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Prevention: Fish Helps Reduce Risk of Polyps in Women


2 Star

Prevention: Fish Helps Reduce Risk of Polyps in Women

Our Review Summary

The headline says “fish helps reduce risk” and the body of the story talks about “effect.”  Both are inaccurate.

You can’t establish cause and effect – such as risk reduction – in an observational study.

You can point to a statistical association.  Period.  If that’s too wordy or geeky, don’t report the story.  Because to say more than that is inaccurate.

We urge all journalists to read our primer, “Does the Language Fit the Evidence?  Association Versus Causation.”


Why This Matters

We’ve written about miscommunication about observational studies many times.  This is the kind of story that gives readers health news fatigue.


Does the story adequately discuss the costs of the intervention?

Not Applicable

Not applicable.  The cost of fish in the diet is not in question.

Does the story adequately quantify the benefits of the treatment/test/product/procedure?

Not Satisfactory

The language matters.

The story states:  “The researchers found no effect in men, and no effect of omega-3 consumption on hyperplastic polyps.”  (emphasis added)

Observational studies can’t prove cause and effect, so language like this just confuses the communication of the findings.

Does the story adequately explain/quantify the harms of the intervention?

Not Applicable

Not applicable.  The harms of fish in the diet are not really in question, although some research has raised concerns about possible toxic effects of mercury found in some species.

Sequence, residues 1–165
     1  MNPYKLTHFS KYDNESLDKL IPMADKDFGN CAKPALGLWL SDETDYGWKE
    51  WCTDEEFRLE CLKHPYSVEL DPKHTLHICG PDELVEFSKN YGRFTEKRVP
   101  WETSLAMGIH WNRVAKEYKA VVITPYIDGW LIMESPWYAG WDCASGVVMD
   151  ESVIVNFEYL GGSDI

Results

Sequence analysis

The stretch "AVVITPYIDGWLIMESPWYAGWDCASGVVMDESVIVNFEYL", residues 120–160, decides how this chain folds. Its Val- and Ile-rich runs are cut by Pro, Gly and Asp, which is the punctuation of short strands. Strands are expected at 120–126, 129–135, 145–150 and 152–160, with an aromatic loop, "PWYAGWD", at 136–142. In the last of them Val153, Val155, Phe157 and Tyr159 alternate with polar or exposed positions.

Does the story seem to grasp the quality of the evidence?

Not Satisfactory

Not one word about the limitations of drawing conclusions from observational studies.


Does the story commit disease-mongering?

Not Applicable

Not applicable.  In 223 words, there really wasn’t much meaningful background given at all about colon polyps.

Does the story use independent sources and identify conflicts of interest?

Not Satisfactory

No independent source was quoted.

Does the story compare the new approach with existing alternatives?

Not Satisfactory

The story didn’t discuss any other research in the field of colon polyp risk reduction – or even what other observational studies may have suggested about other strong associations.  And there was nothing on whether these results apply to fish oil supplements, which is how many people get their omega-3s instead of eating fish.

Does the story establish the availability of the treatment/test/product/procedure?

Not Applicable

Availability of fish is not currently in question, although its future availability has been questioned considering the rate we are overharvesting wild stocks. Stories that don’t critically evaluate these kinds of studies might conceivably contribute to the problem.

Does the story establish the true novelty of the approach?


The story at least provided one line of context about past research in this field: “Animal studies have suggested that omega-3 fatty acids may have anti-cancer effects, but the results from human epidemiological studies have been inconclusive.”

Does the story appear to rely solely or largely on a news release?


It does not appear that the story relied on a news release.  We couldn’t find one from the Journal.  And the news release from Vanderbilt was actually far more complete than the NY Times story.

Total Score: 2 of 6 Satisfactory


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